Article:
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Spark Announces Plans To Evolve New Zealand’s Public Phone Booth Network

Spark has today announced plans to evolve New Zealand’s network of public phone booths, by exploring options to invest in more modern technology and capability for booths in high foot traffic areas, and over a number of years gradually withdrawing poorly utilised booths as their hardware reaches end-of-life.

Spark Product Director, Tessa Tierney says: “Phone booths became part of Spark in our Telecom days of the 1980s, when we split from the New Zealand Post Office, and in 2013 we upgraded many of them to include WiFi hot spotting. But since that time a lot has changed in Aotearoa – the vast majority of New Zealanders now have mobile phones and free WiFi is more readily available. As a result, the use of phone booths has declined rapidly.

“Call volumes on the fixed-line phone booth network have declined by nearly 70% over the last four years, and approximately 90% of them are being used for an average of less than 3 minutes per day. The use of our WiFi hot spotting has followed a similar downward trajectory.

“At the same time, the technologies that make these phone booths work – copper wiring and the public switched telephone network (PSTN) – are both end-of-life and in the process of being retired gradually across the country. Some of the physical equipment is not even being manufactured anymore, and we’re running low on spare parts to use when there are faults, which leaves some booths non-operational.

“As a result, we are investigating how we can maintain a more appropriate number of modern phone booths across the country, while removing those booths that are no longer fit-for-purpose and not being used as frequently as they once were."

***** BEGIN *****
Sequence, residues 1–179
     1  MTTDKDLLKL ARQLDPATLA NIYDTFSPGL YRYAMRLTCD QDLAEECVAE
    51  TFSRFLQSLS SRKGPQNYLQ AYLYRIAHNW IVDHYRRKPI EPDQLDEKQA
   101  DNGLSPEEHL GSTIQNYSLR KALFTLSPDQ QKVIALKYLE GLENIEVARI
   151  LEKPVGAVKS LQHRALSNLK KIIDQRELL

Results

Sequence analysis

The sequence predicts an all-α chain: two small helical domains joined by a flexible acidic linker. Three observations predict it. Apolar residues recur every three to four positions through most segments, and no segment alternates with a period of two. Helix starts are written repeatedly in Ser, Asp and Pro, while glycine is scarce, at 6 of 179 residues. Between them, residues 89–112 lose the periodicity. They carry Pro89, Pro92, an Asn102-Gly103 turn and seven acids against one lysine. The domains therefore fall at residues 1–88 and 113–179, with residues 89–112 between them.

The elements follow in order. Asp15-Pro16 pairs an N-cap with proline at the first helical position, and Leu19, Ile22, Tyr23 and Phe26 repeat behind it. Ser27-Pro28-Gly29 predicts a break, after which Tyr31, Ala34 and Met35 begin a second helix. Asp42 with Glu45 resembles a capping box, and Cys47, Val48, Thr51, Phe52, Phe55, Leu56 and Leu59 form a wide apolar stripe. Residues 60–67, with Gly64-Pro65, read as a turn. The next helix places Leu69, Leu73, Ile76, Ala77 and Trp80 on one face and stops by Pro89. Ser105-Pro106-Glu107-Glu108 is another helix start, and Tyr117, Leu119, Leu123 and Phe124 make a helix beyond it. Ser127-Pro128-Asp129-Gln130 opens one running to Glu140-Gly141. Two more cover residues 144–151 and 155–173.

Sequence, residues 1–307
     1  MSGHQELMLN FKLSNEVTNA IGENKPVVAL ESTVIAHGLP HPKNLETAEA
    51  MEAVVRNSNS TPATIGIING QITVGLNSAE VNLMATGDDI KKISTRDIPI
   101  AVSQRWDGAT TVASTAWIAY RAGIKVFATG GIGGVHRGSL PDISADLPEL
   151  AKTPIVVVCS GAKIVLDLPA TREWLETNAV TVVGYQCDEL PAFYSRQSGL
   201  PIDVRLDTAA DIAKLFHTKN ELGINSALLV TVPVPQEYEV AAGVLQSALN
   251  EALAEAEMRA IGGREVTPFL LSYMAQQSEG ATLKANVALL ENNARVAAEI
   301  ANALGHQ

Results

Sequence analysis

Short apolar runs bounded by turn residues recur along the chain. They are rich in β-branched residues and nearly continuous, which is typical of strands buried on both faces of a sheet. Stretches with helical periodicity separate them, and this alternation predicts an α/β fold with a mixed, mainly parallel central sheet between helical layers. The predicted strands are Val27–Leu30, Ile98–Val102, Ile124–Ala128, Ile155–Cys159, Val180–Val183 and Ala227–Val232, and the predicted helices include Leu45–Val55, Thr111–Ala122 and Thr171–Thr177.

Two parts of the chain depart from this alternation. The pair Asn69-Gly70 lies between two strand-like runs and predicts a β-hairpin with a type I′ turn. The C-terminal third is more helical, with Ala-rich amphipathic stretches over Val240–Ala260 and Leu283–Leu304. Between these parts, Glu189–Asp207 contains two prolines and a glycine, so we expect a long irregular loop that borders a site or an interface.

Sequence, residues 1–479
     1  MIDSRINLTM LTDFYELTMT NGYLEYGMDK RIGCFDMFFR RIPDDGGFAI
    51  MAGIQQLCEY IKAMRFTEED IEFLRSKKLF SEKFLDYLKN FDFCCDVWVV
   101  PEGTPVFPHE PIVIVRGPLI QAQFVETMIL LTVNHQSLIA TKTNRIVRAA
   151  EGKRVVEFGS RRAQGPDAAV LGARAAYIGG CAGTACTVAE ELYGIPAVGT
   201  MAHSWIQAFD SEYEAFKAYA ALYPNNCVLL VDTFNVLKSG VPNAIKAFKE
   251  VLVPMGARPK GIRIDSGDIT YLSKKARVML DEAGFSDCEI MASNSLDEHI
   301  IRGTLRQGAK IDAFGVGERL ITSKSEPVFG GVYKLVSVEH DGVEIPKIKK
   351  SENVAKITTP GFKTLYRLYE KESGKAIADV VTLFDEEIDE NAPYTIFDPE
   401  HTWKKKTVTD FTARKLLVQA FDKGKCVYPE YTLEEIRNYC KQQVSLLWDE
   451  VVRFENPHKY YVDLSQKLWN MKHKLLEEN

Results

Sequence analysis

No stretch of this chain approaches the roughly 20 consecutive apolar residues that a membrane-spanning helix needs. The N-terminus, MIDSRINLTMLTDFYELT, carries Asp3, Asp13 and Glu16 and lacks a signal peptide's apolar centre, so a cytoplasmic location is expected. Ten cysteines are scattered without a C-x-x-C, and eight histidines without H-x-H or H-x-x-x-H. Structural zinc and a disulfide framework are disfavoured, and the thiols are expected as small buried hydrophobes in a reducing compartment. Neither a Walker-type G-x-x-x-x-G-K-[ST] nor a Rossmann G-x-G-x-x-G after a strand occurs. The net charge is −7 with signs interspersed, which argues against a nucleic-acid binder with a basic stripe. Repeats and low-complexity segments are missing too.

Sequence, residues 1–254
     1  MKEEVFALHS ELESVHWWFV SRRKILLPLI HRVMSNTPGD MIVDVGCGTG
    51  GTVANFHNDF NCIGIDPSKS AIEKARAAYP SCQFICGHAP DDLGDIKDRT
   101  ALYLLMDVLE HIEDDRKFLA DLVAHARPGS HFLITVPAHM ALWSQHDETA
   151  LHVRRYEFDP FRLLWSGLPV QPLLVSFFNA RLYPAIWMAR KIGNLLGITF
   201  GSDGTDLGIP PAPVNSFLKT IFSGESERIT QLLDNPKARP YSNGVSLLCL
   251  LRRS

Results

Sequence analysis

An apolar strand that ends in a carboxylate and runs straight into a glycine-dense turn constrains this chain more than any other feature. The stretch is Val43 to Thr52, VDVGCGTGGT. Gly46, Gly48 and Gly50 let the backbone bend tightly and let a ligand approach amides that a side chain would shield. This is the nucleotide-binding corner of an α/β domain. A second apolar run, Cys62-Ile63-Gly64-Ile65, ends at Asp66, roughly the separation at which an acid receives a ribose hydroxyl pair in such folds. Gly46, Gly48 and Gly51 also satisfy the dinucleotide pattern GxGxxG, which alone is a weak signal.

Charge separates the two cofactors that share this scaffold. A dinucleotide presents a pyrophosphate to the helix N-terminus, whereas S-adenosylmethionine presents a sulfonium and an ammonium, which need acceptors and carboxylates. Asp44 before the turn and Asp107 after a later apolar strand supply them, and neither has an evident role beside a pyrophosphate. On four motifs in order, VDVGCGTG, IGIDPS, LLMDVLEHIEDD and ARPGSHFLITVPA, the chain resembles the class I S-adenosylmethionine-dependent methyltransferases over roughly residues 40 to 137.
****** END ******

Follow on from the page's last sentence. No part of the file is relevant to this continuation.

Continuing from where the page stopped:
The current fixed-line phone booths cannot be upgraded to more modern technologies such as fibre or wireless, which means future proofing the phone booth service will require replacing the booths with a new end-to-end solution.

Tessa continued: “We’re currently exploring what a modern phone booth might look like in New Zealand. We’ve seen some pretty exciting examples overseas with features focused on delivering communities civic value alongside modern telecommunications services, and could include everything from wayfinding to in-built environmental sensors to localised news and content.”

The withdrawal of low-use phone booths will start with a small number in Auckland’s North Shore, East Auckland, and Wellington South from June this year – in line with the gradual retirement of Spark’s PSTN and Chorus’s copper network.

“We anticipate that the vast majority of New Zealanders won’t notice this change, given the very low levels of usage we see on phone booths these days. We do recognise, however, that for the small amount of people who still use phone booths, they may find this change unsettling – which is why we’ve been liaising with key community groups around New Zealand to identify and work through any concerns.

“Nowadays there are a range of low-cost mobile phones and plans available, that can be purchased for less than $40 and can be far more cost effective than making calls from a phone booth, while WIFI hotspots are also now readily available in public libraries as well as many local restaurants and public spaces such as shopping malls*.

“We want to assure New Zealanders that this isn’t something that’s going to happen overnight. Both the retirement of low usage phone booths and any upgrading to more modern alternatives will take a number of years to complete.”

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